Wadi Hinna

March 2010

 

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Fatboy, obese, upside down, Baobab trees 

Dhofar, Salalah, Oman


Dhofar, Oman's southernmost province, is known for being an oddball in the Middle East. At the edge between the Indian Ocean and the Arabian deserts it benefits from the rains during the summer monsoon season, which impacts only this southern corner of the Arabian peninsular. During the summer (June to September) monsoon, the southern mountains turn green with vegetation in a soft rolling landscape more like Scotland than the Middle East.

The mountains home a rich vegetation of which the frankincense tree is best known. The real oddball is the Baobab tree. With its fat stem rapidly thinning upwards and thinning branches it looks like an gigantic upside down carrot.

These exotic trees trees are found as a small group together in a small area just northwest of Mirbat, high-up against the steep slope of the Dhofar Mountains in Wadi Hinna (Hannah). Their nearest relatives are found only in East Africa. This means that either these trees represent the remnants of once a much more widespread population or, more likely in view of age-old trade connections with East Africa, that somebody took a seed and planted it near the nearby A'Cher spring (Wickens, 1982).

Baobabs can live for thousands of years, but grow very slow. Their horizontal roots extend for tens of metres from the tree.

For more on plants in Dhofar check out Arnhem, 2007

Google Earth map. 
Tracks can be downloaded as Google Earth kmz file.

How to get there:
A weekend to Salalah is easiest when flying from Muscat on Wednesday evening and returning of Friday evening, giving you almost two full days to explore.

Most roads described are accessible by normal car, but for the steep 'slopy' gravel tracks down to Wadi Hinna a four-wheel car is currently still a must.

Wadi Dirbat, Tawi Atayr, the Taiq Sinkhole and Jabal Samhan are easy accessible from the main road between Salalah to Mirbat. The road from Tawi Atayr to Mirbat passing Wadi Hinna (Hannah) and through wadi Al Ghazir is currently being built. This will provide an easy route down to the coast. The baobab trees are easily recognisable about halfway down the slope and a track leads further to the A'Cher spring. Because the road was still under construction further down we had to return to Tawi Atayr and take the road to Wadi Dirbat and Khor Rhori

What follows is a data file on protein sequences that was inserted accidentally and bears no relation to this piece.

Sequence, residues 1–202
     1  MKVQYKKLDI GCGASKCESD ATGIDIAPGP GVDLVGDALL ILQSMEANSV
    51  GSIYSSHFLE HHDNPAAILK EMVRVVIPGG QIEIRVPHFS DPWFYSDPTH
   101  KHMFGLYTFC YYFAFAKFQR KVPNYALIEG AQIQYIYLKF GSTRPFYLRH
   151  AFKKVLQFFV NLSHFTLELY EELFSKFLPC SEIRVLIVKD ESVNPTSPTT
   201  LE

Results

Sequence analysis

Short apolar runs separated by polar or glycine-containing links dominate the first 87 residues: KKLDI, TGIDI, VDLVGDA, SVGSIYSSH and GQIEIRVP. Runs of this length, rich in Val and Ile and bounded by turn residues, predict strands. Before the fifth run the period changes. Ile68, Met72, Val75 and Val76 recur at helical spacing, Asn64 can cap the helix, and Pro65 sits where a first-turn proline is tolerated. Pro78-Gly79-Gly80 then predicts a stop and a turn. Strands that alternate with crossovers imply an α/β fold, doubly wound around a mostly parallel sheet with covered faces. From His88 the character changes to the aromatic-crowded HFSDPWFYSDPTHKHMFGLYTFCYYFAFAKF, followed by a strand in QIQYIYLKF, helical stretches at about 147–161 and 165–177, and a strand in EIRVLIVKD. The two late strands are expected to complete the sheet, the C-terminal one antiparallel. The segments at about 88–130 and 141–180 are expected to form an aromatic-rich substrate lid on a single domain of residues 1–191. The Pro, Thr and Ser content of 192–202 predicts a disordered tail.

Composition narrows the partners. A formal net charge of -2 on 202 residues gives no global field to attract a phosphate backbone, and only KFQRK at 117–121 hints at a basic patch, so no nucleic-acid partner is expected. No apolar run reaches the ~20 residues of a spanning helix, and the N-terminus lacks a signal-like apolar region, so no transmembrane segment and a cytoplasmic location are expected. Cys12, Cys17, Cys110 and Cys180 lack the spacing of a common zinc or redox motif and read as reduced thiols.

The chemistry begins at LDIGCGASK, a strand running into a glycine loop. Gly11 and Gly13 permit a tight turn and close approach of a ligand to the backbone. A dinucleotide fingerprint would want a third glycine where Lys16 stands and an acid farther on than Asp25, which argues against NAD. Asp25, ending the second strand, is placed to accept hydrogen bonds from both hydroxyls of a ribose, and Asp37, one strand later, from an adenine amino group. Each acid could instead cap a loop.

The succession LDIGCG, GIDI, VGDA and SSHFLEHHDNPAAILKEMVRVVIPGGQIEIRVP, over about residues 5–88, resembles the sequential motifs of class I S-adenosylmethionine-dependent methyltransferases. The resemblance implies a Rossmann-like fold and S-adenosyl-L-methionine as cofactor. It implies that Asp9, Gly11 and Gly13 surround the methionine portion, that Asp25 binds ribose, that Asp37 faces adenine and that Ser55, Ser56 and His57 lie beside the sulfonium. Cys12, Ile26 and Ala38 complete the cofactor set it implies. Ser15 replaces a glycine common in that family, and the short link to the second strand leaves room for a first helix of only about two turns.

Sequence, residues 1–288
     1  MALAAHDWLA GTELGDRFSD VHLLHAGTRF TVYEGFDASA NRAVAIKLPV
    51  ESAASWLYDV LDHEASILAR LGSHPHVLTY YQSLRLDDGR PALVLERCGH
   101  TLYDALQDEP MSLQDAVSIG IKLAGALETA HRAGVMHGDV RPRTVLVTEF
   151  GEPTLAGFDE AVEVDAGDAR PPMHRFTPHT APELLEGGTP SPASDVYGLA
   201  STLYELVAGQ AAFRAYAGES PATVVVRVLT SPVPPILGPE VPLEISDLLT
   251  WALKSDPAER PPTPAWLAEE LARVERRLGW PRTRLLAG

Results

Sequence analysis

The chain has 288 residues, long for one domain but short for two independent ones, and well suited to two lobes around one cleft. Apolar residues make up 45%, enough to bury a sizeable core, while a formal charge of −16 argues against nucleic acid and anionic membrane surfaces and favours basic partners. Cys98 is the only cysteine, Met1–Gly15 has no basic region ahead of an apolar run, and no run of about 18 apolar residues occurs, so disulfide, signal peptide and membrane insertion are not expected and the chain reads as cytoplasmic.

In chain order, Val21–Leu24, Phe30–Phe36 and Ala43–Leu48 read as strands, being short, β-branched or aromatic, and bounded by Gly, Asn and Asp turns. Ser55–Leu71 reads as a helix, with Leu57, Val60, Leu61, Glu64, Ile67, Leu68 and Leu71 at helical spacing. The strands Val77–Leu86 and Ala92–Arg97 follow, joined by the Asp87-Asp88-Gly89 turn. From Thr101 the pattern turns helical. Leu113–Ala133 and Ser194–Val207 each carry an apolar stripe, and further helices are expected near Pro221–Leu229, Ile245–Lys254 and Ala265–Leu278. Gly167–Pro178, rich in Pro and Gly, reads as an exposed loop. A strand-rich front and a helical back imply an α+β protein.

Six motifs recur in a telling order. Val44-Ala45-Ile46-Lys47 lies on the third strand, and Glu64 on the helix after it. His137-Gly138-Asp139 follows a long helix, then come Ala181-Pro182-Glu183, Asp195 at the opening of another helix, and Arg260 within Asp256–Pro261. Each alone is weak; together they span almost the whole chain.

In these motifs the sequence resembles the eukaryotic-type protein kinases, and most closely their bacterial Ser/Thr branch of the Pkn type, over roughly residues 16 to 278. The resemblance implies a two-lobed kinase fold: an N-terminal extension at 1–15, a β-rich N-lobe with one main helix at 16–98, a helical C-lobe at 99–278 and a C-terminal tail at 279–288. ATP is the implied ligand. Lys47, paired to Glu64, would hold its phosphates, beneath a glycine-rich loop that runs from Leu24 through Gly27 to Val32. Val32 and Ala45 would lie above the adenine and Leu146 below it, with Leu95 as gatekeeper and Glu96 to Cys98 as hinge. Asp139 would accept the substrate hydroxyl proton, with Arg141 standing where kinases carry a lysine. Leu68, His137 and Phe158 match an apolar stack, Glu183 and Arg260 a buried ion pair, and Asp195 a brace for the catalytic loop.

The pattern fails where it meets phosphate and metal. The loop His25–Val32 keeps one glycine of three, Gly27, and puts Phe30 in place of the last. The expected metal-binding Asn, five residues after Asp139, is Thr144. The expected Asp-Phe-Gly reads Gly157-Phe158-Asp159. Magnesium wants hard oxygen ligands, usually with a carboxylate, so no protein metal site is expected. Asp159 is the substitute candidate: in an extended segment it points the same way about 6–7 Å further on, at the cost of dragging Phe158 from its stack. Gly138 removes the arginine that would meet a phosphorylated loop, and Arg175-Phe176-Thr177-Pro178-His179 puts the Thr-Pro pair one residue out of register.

Tracks can be downloaded as Google Earth kmz file.

All coordinates and tracks are with reference to WGS84, UTM zone 40.

'Fatboy' Obese trees


Even without leaves these majestic Baobab trees rise impressively above the woods

Gigantic Baobab trees, looking like an upside-down carrot. Roots extending for tens of metres horizontally. We did not see the largest one, which is reported to be some 30 metres high and with a trunk diameter of 15 metres.

One concern. The new road will open this area for easy day tourism, which can be more destructive than thousands of years battling the elements. Many of the trees already show the signs of carved names.
Enjoy these giants. Take nothing but pictures and leave them in peace.
The A'Cher spring, some 200m down the track, is also a beauty spot with green ferns and fig trees, with roots tightly embracing the rock below as if they are afraid to loose them.

The large concrete basin collects the water but warning signs indicate that it also homes the snails with parasitic worms associated with Bilharzia (snail fever).

Have a look up as well to see the delicate dangling weaver birds nests.
Many thanks to Shirin, each time climbing into the back-back seat, Jandam for finding the right gear on this dusty road and Cyrus for relaxing despite us.

References (Visitor)

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@ J. Schreurs March 2010